Subcoccinella vigintiquattuorpunctata L Twentyfourspot ladybird

This widely distributed species is associated mainly with clover and lucerne. Both adults and larvae scarify leaves and remove the surface tissue to form a series of parallel grooves. Affected parts of the foliage appear whitish. In addition to members of the Fabaceae, damage may also occur on the foliage of other crops, including potato and tomato.

BIOLOGY

Adults hibernate in various sheltered situations. They become active in the following May, and eggs are then laid in batches on the leaves of host plants. Larvae feed for several weeks before pupating, and young adults appear about a week later. There are usually two generations annually.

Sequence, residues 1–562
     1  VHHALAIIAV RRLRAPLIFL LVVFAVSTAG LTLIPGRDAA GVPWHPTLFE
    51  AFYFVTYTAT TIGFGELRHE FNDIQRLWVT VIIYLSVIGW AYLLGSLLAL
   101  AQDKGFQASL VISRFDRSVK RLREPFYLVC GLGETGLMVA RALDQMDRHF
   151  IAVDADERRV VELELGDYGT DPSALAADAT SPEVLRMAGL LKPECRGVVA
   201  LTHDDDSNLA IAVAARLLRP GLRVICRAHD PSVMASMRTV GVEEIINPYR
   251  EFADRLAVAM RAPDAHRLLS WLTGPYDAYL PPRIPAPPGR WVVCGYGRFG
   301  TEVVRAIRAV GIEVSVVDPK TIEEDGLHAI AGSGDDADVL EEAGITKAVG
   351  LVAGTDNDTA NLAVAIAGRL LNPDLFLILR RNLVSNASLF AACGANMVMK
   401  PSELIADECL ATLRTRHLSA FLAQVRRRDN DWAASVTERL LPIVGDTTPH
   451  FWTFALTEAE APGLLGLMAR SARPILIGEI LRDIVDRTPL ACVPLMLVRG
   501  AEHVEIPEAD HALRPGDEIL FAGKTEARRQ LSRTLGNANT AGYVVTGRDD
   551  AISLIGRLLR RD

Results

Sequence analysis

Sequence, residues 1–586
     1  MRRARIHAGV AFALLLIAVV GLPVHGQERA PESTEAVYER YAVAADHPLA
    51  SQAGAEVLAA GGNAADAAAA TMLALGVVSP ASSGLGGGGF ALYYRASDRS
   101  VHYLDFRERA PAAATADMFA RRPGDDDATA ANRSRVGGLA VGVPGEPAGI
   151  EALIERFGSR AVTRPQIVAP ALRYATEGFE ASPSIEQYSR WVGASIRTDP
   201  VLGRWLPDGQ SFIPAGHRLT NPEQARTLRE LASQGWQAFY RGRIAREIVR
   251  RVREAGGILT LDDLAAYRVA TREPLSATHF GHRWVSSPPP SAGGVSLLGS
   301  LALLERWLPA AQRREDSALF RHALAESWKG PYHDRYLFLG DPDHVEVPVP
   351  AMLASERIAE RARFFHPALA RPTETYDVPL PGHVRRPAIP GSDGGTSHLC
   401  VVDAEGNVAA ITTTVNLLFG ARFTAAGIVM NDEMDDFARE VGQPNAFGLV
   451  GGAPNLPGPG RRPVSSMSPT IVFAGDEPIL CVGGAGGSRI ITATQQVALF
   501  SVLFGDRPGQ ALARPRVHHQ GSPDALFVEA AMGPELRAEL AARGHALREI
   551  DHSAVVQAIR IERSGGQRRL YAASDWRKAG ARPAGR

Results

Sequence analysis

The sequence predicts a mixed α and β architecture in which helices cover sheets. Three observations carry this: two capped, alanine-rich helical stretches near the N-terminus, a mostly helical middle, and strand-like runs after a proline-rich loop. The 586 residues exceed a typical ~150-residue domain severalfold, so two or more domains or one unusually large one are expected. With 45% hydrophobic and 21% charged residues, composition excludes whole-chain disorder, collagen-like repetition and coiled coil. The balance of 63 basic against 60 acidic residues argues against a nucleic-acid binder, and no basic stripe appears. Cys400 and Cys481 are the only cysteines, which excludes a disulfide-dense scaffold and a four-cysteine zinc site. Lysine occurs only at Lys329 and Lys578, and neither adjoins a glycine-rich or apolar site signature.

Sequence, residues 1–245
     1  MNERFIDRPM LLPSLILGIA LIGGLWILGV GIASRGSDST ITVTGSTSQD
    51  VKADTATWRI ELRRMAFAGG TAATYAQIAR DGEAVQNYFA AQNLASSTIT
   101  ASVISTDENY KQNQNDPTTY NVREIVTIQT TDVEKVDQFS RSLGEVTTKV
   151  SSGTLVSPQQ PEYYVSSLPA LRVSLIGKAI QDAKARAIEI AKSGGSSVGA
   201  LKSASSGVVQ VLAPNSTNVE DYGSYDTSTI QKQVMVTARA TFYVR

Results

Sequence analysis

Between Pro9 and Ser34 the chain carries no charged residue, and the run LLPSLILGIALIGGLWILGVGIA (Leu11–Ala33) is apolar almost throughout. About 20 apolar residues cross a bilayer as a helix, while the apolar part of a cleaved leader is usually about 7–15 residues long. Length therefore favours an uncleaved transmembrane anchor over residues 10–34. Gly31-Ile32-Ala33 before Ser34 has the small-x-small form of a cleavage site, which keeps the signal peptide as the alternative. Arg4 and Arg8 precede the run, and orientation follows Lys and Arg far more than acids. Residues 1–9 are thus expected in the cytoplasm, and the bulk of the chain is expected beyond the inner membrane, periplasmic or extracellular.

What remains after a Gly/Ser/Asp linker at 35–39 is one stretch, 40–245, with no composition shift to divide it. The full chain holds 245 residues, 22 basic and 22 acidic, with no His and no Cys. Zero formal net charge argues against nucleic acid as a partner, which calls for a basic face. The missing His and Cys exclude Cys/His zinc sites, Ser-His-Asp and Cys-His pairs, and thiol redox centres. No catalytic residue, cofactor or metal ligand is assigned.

DESCRIPTION

Adult are 3-4 mm long, extremely variable in appearance; head and legs usually reddish-orange; pronotum reddish-orange with a central black spot; elytra range from reddish-orange, usually with from eight to ten irregular black marks, to almost entirely black. Egg 0.50.6 mm long, elongate, pale yellow. Larva 4.4 x 2.0 mm; body elongate-oval, yellowish, variably marked with dark brown; thorax and abdomen with numerous tubercles bearing branched setae.

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